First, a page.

The money will instead be invested over four years and includes being pushed into enhancing cyber security of the Archives’ collection.

Some of the money will go towards addressing the years-long backlog of applications from historians and students to access particular Commonwealth records and to digitise documents that are vetted for access after requests from the public.

While investing in the shortterm, the government is yet to release its full response to the Tune review, which also recommended the government spend $167. 4 million to help the institution establish a fifth-generation digital archive with state-of-the-art technology and expertise to make sure digital records are properly preserved.

The National Archives has started work but the Tune review says it is not sustainable for it to pay for this out of its existing budget and the government must allocate funds.

The review suggests putting the National Archives in charge of managing information across the entire Commonwealth government to standardise recordkeeping. This would involve 630 records and information management staff from the largest agencies transferring to the National Archives.

Michelle Arrow, the co-editor of History Australia and a former member of the advisory panel for the Prime Minister’s Prize for Australian History, said that the $67.7 million allocation was a welcome response to the issues facing the Archives.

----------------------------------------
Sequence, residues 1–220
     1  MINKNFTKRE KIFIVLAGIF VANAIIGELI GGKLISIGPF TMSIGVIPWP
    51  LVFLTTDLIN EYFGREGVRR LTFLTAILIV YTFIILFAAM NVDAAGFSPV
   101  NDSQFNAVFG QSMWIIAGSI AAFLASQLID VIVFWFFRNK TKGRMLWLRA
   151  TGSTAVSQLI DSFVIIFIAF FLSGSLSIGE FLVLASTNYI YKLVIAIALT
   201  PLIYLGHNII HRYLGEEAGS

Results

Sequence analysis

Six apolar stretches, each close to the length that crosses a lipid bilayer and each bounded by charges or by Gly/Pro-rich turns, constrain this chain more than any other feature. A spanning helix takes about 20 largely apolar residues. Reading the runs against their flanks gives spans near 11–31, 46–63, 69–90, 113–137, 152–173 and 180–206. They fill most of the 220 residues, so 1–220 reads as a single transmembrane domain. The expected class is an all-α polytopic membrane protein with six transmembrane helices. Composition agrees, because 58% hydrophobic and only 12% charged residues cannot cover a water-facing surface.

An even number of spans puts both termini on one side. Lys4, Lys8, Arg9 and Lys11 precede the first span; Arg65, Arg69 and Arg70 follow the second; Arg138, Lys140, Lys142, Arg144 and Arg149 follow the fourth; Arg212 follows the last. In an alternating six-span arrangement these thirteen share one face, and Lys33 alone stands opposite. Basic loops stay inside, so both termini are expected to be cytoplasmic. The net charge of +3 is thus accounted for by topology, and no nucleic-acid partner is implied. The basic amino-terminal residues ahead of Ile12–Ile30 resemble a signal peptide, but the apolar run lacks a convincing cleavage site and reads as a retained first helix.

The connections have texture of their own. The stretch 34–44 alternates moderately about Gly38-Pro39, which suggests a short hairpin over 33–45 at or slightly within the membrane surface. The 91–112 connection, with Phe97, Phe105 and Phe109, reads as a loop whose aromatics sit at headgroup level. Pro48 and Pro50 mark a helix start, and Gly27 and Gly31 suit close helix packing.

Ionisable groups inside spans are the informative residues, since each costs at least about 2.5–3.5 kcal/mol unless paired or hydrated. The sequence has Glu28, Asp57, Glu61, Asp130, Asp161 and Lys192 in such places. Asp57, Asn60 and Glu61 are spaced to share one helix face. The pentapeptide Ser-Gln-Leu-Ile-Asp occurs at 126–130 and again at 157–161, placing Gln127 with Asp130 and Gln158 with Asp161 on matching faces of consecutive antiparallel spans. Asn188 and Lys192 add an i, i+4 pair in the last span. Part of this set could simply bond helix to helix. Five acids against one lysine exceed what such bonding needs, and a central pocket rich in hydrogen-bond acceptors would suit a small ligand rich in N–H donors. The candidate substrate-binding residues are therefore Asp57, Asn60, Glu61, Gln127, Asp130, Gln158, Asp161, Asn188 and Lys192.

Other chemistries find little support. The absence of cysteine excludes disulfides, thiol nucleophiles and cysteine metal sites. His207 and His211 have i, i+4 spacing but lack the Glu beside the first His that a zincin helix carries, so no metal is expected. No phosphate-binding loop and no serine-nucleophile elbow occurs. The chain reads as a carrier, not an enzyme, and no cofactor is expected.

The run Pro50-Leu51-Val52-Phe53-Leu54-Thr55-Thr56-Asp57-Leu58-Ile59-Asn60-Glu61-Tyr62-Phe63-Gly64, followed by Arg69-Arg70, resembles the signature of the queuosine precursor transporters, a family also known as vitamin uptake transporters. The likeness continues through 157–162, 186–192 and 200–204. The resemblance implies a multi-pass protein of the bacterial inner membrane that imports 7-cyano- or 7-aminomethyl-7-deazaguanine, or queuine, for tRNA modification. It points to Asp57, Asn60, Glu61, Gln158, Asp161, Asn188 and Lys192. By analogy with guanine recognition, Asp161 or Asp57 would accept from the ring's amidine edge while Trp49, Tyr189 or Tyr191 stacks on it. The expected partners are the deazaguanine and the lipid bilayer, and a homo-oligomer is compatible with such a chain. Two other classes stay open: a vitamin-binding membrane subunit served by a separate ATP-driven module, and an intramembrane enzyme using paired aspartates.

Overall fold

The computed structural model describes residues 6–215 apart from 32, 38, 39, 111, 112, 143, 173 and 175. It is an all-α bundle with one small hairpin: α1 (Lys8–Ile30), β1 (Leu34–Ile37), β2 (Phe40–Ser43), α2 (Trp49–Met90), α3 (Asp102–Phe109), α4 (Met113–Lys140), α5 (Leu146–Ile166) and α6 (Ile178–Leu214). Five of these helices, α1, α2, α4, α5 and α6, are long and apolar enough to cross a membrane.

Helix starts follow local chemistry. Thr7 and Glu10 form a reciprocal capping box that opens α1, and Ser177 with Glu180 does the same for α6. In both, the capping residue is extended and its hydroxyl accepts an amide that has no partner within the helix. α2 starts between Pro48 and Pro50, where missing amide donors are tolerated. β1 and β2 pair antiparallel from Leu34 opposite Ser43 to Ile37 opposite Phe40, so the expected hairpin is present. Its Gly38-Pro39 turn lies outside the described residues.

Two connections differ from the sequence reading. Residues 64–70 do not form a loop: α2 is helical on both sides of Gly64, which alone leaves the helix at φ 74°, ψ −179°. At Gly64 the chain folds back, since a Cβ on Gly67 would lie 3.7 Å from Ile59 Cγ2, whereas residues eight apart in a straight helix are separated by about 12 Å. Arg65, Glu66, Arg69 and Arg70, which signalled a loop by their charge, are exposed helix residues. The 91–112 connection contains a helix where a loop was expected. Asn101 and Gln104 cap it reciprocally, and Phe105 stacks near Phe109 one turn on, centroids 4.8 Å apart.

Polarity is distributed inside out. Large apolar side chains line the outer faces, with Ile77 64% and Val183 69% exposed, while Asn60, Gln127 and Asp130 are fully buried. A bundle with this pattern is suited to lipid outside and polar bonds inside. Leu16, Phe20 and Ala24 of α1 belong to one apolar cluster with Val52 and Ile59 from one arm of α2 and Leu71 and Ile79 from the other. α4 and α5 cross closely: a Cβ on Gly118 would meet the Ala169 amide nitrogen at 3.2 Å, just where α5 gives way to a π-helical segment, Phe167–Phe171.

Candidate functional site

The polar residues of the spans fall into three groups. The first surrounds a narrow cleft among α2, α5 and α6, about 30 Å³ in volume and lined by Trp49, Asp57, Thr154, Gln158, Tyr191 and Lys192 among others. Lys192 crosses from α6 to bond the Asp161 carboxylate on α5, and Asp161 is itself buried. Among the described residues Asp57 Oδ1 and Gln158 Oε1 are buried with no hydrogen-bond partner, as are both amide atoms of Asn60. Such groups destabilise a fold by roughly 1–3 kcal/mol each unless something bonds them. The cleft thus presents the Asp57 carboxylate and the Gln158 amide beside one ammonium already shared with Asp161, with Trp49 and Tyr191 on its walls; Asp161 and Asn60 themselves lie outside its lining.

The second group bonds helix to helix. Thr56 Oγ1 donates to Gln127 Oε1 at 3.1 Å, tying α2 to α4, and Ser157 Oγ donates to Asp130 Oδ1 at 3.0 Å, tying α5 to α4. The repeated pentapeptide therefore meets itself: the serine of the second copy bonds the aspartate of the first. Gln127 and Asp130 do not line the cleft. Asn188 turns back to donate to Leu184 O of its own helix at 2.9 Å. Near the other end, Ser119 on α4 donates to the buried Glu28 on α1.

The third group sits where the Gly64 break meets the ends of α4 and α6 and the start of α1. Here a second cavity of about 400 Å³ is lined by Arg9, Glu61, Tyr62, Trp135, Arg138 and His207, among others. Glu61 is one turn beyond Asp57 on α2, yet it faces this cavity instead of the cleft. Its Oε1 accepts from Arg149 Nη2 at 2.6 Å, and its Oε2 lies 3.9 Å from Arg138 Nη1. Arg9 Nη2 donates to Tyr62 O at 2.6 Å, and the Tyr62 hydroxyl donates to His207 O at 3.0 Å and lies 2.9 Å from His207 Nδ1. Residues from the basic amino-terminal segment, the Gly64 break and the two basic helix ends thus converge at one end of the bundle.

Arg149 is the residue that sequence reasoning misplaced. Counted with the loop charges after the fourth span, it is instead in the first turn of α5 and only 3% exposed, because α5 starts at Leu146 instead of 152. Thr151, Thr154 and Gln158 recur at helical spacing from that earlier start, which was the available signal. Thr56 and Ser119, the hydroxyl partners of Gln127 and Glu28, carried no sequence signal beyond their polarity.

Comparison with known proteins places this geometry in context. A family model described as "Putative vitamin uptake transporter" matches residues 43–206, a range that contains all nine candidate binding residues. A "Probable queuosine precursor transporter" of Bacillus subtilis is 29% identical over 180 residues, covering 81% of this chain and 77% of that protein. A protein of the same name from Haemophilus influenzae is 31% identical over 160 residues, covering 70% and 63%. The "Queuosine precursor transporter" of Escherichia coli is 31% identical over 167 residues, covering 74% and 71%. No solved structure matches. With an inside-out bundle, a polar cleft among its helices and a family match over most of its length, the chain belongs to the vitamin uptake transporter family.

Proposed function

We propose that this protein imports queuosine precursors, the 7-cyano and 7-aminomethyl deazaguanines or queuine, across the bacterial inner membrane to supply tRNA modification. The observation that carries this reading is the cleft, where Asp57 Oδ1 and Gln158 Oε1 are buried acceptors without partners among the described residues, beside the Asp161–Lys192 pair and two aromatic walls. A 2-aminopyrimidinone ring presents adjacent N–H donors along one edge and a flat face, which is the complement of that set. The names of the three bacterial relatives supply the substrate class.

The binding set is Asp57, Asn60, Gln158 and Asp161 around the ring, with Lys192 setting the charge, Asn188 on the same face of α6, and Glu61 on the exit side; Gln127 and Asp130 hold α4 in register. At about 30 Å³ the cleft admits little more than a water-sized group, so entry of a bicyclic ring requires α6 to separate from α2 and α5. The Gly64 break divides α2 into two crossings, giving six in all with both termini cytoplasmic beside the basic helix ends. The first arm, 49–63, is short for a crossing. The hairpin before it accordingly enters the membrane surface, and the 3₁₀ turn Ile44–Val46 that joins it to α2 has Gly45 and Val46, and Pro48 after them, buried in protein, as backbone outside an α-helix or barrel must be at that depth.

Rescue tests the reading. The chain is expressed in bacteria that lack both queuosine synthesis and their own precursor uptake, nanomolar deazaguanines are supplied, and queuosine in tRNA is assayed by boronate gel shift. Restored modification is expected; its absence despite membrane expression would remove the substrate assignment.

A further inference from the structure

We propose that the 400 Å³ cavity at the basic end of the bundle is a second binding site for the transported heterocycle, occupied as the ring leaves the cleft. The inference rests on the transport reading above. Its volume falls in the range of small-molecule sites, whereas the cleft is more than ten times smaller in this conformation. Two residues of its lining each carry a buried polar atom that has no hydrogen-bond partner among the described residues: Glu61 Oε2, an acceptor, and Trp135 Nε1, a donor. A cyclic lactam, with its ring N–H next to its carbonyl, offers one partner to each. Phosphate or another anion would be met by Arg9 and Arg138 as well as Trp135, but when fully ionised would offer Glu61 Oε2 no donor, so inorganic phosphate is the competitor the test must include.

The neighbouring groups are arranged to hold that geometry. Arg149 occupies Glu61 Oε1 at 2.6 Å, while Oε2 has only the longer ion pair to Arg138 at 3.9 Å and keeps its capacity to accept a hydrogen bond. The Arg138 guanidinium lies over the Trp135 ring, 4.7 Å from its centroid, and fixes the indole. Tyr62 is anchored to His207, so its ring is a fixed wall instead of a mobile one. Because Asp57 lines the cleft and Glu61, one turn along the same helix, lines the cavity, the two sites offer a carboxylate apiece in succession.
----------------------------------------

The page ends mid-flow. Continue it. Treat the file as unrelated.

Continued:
However, she stressed more money would have to be spent to ensure the Archives was able to secure its precious material for future generations.

‘‘The Archives will likely need further injections of funding in order to fulfil its critical role in our democracy. These archives belong to all of us; it is vital that all Australian citizens can access records of government decision-making,’’ she said.

Professor Arrow said even with the extra money, most of the Archives’ material would never be digitised.

Labor’s arts spokesman Tony Burke said the government had been dragged to providing money to the Archives. ‘‘It doesn’t matter whether it’s the Archives, whether it’s our other collecting institutions, or whether it’s something as simple as Australian stories being told on film and TV,’’ he said. ‘‘Every chance the government gets, their first attempt is to trash our history.’’ ’’

 

Read more: SMH 2/7/2021